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Re: Thorns on Aroids

  • Subject: Re: Thorns on Aroids
  • From: <ju-bo@msn.com>
  • Date: Fri, 27 Feb 2009 10:22:40 +0000

Dear Beth and All,

Great idea, Beth!  Lots more research is needed by folks in the field, like you, Miss Beth to observe exactly WHY, for example, climbing Aroids don`t manage to ''stick'' themselves to the spiny trunk of a Ceiba tree.  Could it be additional factors beside just the spines, like rapidly peeling bark as the trunk of the tree expands which may discourage root attachment?
By the way, thanks to Marek for reminding us of the sppines on Anchomanes (and this brings to mind Pseudohydrosme, a close (?) relative).
We must also keep in mind the not-so-old but now extinct Magafauna, (through man`s hunting?), and maybe other medium-to-small sized animals which until fairly recently existed through the Neotropics (and further North into N. America).   These animals evolved together with the plants (which still exist), so we really need to try to learn and understand what roles these now-extinct animals played in the evoloution of the defense mech. AND the distribution of fruit and seeds of these still existing plants. 
Just yesterday I was reading about certain trees and plants on New Zealand which are today rare and growing rarer, the thoughts are that the now-extinct giant, Ostrich-like birds the Moas used to be responsible for the distribution of the seeds.   When man came to these Islands, the Moas were rapidly hunted to extinction, together with a man-sized (!!), Falcon-like bird, the Moas only natural enemy.  No more Moas (and no more Falcon-like-bird!), LOTS of people, so no more seed distribution, no more trees.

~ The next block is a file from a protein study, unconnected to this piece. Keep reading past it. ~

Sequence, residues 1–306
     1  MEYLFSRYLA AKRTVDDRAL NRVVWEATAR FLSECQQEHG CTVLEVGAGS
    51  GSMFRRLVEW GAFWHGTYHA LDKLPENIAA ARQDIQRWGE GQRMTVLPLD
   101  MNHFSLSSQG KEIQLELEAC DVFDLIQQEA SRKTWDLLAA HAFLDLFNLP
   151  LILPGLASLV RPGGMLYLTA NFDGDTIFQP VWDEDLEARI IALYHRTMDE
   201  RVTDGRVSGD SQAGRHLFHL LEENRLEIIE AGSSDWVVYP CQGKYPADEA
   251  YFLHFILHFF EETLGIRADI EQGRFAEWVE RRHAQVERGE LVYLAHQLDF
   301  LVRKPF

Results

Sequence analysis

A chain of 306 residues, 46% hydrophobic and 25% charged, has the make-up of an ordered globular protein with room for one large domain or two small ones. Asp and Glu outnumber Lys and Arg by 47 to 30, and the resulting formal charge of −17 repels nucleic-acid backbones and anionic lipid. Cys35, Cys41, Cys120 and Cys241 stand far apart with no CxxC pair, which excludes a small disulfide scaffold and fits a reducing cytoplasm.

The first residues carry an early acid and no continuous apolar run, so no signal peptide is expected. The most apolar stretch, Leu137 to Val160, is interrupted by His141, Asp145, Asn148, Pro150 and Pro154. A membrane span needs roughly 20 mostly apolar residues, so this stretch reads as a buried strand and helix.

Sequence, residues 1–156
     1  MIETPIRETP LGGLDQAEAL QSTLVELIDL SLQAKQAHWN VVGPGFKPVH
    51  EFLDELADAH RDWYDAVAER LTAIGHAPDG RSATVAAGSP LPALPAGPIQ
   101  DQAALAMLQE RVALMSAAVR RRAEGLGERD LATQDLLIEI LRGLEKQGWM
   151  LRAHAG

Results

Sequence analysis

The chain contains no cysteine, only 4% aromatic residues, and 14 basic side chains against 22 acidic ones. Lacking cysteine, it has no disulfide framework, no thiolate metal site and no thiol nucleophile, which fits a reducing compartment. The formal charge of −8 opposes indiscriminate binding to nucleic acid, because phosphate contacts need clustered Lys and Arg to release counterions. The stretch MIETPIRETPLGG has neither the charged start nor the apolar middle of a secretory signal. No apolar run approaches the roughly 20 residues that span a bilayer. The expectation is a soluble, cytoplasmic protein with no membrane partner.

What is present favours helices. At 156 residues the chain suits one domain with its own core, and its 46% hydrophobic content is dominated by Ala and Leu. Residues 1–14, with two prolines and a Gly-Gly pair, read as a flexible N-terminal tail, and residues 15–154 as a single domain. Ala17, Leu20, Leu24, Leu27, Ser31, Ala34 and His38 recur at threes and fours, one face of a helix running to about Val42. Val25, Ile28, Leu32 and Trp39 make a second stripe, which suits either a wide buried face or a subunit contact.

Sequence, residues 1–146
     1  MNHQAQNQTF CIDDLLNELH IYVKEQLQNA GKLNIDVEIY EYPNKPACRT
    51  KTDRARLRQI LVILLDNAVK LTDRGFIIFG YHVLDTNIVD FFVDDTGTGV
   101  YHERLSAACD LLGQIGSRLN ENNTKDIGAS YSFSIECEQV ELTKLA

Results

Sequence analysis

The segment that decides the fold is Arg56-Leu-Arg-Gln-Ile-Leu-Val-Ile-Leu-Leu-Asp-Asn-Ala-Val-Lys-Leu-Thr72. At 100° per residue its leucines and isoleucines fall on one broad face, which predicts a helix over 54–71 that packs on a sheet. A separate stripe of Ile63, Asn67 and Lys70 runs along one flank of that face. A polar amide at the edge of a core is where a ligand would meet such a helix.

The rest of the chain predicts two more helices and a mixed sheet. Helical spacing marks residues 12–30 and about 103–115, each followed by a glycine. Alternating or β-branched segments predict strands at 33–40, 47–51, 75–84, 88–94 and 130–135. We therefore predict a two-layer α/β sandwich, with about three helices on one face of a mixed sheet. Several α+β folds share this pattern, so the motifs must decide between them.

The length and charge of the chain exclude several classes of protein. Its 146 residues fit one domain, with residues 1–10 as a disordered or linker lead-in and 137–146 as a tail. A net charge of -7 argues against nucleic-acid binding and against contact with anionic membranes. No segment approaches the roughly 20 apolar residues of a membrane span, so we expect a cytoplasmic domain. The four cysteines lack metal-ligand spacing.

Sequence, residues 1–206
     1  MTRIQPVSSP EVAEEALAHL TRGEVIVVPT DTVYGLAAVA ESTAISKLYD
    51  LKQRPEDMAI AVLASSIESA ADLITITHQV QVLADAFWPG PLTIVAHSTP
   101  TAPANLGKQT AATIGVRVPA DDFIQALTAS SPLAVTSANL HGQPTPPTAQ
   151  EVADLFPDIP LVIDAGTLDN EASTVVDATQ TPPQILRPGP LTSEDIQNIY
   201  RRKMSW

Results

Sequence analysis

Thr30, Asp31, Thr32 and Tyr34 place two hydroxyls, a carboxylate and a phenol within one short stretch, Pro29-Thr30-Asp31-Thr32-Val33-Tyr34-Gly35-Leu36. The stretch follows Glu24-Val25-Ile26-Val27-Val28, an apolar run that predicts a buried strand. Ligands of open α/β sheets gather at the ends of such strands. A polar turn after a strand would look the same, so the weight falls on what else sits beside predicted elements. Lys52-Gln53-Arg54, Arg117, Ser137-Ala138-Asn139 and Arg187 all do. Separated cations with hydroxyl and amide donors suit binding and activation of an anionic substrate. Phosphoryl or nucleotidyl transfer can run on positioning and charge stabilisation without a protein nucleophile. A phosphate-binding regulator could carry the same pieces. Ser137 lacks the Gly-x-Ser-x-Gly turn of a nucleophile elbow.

Good Growing,


From: desinadora@mail2designer.com
To: aroid-l@gizmoworks.com
Date: Mon, 23 Feb 2009 16:31:52 -0800
Subject: Re: [Aroid-l] Thorns on Aroids

Dear All:

Here's my two cents - a whole lot more plants than just the Aroids have thorns in our neotropical forests here in Ecuador, and usually it's to defend themselves from other plants. The spines on many of the other plants and trees are there to discourage competition from growing over them - for example, Ceiba pentandra has spines until about its 100th year to discourage colonisation by Philodendrons! (They're often the only smoothly empty plants in the forest, which makes them very easy to spot....) So any of the free-standing or vining aroids with spines may have them for the same reason - so as not to be overgrown by other ferns, orchids, or lianas. For directional spines, I'd look at the size of the plant and its relative habit - downward pointing ones would tend to me to indicate that the plant is trying to protect itself from invadors coming from below, while upward-pointing ones say "don't step on me."

Lasia is an aquatic, as I understand it. I'd bet the spines are particularly sharp to dissuade wading birds and crocodilids from disturbing the mat, as well as to discourage anything that thinks it looks like a tasty snack.... It would probably only take one nasty festering thorn wound to keep me away from a plant like that! Then again, I grow a number of plants that do this to me on a regular basis, so maybe I'm not as smart as a heron!


Date: Sun, 22 Feb 2009 13:03:14 +0000
From: <ju-bo@msn.com>
Subject: [Aroid-l] Thorns on Aroids
To: <aroid-l@gizmoworks.com>
Message-ID: <SNT102-W8FA7B67B7BC1BD58E6AF5FAB10@phx.gbl>